What are the four stages of infection?

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    In reality we identify five stages in the infectious process: incubation, prodromal, illness, decline, and convalescence. The first stage is about the infectious agent being emerged in the body. During the second prodromal stage, the agent continues replicating, which triggers the body’s immune response. The symptoms include fatigue, sleeping disorders, anxiety, mood swings, etc. Illness is the period when the signs and symptoms of the disease are most obvious and severe. During the decline stage, the number of pathogen particles begins to decrease, and the signs and symptoms of illness begin to decline. The last stage is convalescence, when the patient generally returns to normal functions.

    There are 4 stages of infection:

    1. Incubation
    2. Prodrome
    3. Illness
    4. Convalescence

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    There are four stages of Infection:

    1. Incubation period- This period is starts from invasion of microorganisms into the body until the appearance of first sign of symptoms. During this period microorganisms multiply to cause infection. The length of incubation period depends on the type of microorganism that causing infection so, it may vary from few hours to days.
    2. The Signs of the Disease- slowly the actual symptoms starts to appear in this phase. this phase may take few hours to weeks.
    3. Disease Itself- With noticeable actual symptoms the disease progress further. the severity of the symptoms and the infection depends upon the susceptibility of the host.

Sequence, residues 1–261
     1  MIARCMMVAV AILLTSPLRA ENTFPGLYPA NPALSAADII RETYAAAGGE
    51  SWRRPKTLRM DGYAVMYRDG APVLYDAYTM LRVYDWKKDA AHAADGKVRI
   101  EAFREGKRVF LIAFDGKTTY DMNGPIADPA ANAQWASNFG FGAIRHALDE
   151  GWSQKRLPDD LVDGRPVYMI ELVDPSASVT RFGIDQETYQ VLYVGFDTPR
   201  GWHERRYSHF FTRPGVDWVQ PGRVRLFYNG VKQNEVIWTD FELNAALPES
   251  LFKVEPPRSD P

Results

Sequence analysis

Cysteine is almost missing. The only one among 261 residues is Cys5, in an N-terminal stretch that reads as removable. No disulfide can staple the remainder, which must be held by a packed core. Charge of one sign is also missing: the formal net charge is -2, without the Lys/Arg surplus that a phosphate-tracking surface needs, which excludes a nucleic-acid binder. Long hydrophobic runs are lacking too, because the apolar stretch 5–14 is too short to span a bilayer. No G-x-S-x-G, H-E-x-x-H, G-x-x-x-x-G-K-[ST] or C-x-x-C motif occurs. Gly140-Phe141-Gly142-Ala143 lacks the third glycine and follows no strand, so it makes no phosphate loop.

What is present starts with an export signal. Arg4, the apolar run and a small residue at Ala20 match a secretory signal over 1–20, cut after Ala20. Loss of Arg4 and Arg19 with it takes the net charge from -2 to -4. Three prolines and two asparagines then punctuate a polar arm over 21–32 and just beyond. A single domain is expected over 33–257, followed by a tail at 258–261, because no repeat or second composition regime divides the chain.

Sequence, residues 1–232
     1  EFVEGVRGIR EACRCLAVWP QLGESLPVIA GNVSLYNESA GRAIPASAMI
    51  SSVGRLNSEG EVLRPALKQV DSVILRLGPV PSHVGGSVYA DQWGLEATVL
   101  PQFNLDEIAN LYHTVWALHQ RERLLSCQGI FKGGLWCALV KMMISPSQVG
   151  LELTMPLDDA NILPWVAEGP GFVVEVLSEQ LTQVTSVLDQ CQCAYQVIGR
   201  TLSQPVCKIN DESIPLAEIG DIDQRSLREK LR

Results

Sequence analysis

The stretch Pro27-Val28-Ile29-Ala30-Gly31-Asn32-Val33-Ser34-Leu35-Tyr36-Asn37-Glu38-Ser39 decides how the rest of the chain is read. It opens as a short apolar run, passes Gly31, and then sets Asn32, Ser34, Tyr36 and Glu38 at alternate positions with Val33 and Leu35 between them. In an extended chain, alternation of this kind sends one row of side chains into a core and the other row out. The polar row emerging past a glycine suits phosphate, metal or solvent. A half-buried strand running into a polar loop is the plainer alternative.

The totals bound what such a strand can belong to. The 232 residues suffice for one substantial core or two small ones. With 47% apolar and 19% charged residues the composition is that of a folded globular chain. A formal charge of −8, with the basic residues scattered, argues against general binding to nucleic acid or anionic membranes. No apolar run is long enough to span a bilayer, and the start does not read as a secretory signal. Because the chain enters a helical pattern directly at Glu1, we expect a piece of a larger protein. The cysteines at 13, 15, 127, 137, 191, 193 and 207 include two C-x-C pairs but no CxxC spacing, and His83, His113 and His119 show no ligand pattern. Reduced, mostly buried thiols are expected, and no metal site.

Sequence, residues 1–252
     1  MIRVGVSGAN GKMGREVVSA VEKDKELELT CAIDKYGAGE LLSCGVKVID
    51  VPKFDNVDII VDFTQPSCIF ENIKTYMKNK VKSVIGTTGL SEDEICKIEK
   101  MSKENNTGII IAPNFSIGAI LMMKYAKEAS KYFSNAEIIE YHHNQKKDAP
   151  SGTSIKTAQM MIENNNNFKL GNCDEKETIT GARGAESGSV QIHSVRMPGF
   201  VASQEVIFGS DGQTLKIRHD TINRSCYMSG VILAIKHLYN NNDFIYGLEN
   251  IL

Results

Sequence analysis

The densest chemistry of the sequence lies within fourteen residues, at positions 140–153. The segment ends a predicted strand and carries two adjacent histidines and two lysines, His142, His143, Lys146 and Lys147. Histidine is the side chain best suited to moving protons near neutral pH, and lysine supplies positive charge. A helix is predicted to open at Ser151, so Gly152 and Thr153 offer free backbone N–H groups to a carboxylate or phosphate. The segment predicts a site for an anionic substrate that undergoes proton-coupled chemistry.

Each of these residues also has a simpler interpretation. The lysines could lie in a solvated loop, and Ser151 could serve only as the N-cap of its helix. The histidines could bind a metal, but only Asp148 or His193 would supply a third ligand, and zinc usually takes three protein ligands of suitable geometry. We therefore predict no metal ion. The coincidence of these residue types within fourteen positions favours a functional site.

4. Recovery stage- The symptoms slowly start to disappear, repairing back the body from the disease and this may take from few weeks to months.

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    Most infectious diseases have 4 stages:

    Incubation period is the period between exposure to a pathogen and when symptoms and/or signs are first apparent. This hase signifies the period taken by the multiplying organism to reach a population necessary to produce symptoms in the host.

    Prodromal period of an infectious illness is the period between end of incubation period and the point at which the characteristic symptoms of the illness appear. A person in the prodromal stage of an infectious illness often displays nonspecific symptoms, such as fatigue or malaise.

    Acute period is the phase of rapid multiplication of the pathogen with exponential growth and peak in its’ population. Symptoms are very pronounced, both specific to the organ affected as well as in general due to the strong response of the immune system.

    Convalescence period is the time the host recovers gradually and returns to baseline. The pathogen load starts to decline, but may not be completely eliminated immediately, hence the host may continue to be a source of infection even if feeling better.

    Actually these are five stages of infection

    1. Incubation
    2. Prodromal
    3. Illness
    4. Decline
    5. Convalescence

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    I think infection does not have specific stages.Sometimes, it happens very quickly and patients may be dead if they are not infused consistent antibiotic.Sometimes, it develops slowly, especially on patients who have immunodeficiency syndrome because the response of body is not strong. Each kind of infection has different symptoms depending on the site of infection.But the common symptoms are fever,increasing or reducing neutrophils,increasing CRP, procalcitonin….Anyway,one of the most important things is finding bacteria, using consistent antibiotics to remove bacteria.